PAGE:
Truckers kick against another traffic enforcement taskforce in Apapa
…Prefers electronic call-up system for truck operations
The Association of Maritime Truck Owners (AMATO) has kicked against the constitution of another taskforce for the enforcement of traffic regulations in the port city of Apapa.
Chairman of AMATO, Chief Remi Ogungbemi, said in a chat on Sunday that past experiences with traffic management taskforces showed that a digitalized truck call-up system would offer the best solution to the traffic gridlock in Apapa.
Ogungbemi said: “As we are in computer age, what we need and which we believe is the only solution, is to embrace technology in form of an automation system with a view to removing human interferences in admitting trucks into the Apapa and Tincan Ports, including all the factories around Apapa and Tincan Ports and Petroleum tank farms.
“Therefore, introducing another Taskforce as solution is of no use and unacceptable. Except if it is deliberate to allow some few individual to continue to enrich themselves at the detriment of the majority others or to further compound the problem of truckers.”
The AMATO chairman alledged that the deployment of the Presidential Task Team (PTT) earlier, did not provide the needed solution to the traffic problem in Apapa, rather it brought about corrupt practices.
He said: “Why does government always see the deployment of security operatives as the best solution to Apapa and Tincan traffic gridlock, even when the same strategy has failed to resolve the problem in the past?
“When the Presidential Task Team (PTT) was inaugurated to resolve traffic gridlock in Apapa/Tincan road axis, it eventually led to the institutionalization of bribery and extortion of truckers by different road cabals in collaboration with the security operatives who became a problem instead of providing solution to the problem of traffic they were sent to resolve in Apapa and Tincan port access roads.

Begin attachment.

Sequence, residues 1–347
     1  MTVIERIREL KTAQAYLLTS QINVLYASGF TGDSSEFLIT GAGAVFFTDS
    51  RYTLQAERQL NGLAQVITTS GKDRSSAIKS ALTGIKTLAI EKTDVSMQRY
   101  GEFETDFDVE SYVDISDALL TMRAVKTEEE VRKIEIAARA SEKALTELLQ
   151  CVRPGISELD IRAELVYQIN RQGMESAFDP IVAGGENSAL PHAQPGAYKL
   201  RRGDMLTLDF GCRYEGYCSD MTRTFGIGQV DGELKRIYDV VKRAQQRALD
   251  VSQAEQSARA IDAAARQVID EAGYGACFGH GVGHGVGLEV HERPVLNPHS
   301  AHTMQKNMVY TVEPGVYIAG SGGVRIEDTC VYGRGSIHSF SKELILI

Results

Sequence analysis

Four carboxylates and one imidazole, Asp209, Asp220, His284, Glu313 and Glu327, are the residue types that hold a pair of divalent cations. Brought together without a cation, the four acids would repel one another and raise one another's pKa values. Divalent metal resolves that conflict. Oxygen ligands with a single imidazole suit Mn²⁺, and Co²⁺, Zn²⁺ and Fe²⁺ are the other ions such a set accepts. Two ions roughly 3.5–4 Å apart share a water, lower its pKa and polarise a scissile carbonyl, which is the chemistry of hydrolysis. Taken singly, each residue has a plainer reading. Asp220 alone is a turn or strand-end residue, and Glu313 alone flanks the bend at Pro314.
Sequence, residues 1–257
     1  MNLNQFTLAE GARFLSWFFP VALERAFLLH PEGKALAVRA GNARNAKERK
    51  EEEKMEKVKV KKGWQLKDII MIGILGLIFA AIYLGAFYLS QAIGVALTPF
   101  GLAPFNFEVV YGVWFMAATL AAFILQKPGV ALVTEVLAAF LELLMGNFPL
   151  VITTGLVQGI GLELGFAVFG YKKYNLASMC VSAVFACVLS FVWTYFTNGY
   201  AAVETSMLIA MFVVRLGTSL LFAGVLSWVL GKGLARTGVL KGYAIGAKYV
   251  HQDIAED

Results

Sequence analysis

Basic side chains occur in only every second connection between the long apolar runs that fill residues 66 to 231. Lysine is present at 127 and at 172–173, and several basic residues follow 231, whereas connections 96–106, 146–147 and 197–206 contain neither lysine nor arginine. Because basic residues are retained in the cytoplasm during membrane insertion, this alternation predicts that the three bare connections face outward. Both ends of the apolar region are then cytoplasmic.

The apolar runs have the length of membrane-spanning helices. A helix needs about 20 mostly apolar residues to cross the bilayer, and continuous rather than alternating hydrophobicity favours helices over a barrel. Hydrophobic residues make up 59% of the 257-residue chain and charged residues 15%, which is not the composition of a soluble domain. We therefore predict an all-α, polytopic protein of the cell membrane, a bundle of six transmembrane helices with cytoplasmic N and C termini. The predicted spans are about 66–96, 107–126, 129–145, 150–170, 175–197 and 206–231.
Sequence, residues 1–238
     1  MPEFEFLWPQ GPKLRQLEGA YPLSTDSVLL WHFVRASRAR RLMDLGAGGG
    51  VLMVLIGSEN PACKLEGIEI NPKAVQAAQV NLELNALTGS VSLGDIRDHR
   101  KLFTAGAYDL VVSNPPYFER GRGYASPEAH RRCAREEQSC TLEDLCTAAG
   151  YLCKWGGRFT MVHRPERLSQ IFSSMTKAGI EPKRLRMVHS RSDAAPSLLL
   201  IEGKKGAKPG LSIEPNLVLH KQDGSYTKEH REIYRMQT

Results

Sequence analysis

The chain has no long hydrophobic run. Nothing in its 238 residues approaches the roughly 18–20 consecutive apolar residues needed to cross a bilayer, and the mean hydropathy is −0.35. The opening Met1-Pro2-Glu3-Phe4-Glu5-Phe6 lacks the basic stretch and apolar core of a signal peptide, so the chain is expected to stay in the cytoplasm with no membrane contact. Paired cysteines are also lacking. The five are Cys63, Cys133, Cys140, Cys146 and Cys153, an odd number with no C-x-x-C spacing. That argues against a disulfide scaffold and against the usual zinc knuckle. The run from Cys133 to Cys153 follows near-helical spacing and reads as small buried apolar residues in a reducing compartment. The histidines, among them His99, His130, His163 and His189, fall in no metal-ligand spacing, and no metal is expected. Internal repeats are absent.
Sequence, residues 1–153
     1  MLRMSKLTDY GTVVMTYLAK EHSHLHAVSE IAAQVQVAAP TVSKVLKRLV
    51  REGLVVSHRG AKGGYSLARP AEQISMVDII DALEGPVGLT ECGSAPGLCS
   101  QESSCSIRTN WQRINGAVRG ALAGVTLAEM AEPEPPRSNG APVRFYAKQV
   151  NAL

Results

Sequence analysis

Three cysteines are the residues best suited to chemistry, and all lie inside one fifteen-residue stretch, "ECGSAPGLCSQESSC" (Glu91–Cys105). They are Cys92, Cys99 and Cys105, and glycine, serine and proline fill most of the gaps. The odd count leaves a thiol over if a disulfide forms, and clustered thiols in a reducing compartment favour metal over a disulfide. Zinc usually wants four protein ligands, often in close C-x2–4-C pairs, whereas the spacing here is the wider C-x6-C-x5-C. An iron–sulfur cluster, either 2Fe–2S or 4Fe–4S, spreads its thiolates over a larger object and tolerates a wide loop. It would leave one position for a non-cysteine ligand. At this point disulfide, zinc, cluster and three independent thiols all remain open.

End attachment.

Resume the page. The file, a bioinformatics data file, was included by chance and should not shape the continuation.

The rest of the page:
“Eventually, the PTT was dissolved and disbanded by government following an avalanche of complaints of gross abuse of its mandate for selfish ends in the maritime trucking industry.”
Ogungbemi said that the truckers would work with theTruck Transit Park Limited (TTP) appointed by the Nigerian Ports Authority (NPA) to manage Lilypond Transit Park and to introduce an automation system of admitting trucks seamlessly into the ports.
He expressed confidence that the system, which is scheduled to take off by Feb. 27, 2021, would address the traffic congestion problem in Apapa.
He added that “As an association, we also came up with a Truck Scheduler System (TSS) for seamless admission of trucks into the ports without hassles. But unfortunately, the federal government is planning the formation of another task team to control traffic in Apapa and Tincan road axis.
“The TTP “ETO” system or TSS technological automation truck call-up system can seamlessly admit trucks into the ports, petroleum tank farm depots and factories without trucks clogging the roads and bridges.
“Under this arrangement, all trucks would be made to leave the roads / bridges and go back to their private garages, while the Terminals /NPA decide / approve which container or cargo is ready for loading and which truck is in turn to leave its park in order to go and load at ports, factories and depots through the automation system.”
The AMATO chairman said that the system would work with the issuance of a TAG allocated to trucks that are approved by the automation system to make sure that only trucks with approved tags are allowed to move on the ports access roads without clogging the bridges and port access roads.
That way, he said, would be unlike the manual system of passing trucks where road sides are converted to truck parks and where hundreds of trucks clog the bridges and port access roads in the struggle to enter ports, factories and tank farms.
He added that “Therefore, we are using this forum to say capital NO to the introduction of battalion Police or any Task Force to be on the road for manual control of traffic into the ports.”
Ogungbemi blamed the persistent gridlock on “rise in human traffic into the port area, increased business activities of importation and exportation without corresponding increase and expansion of road network infrastructure.”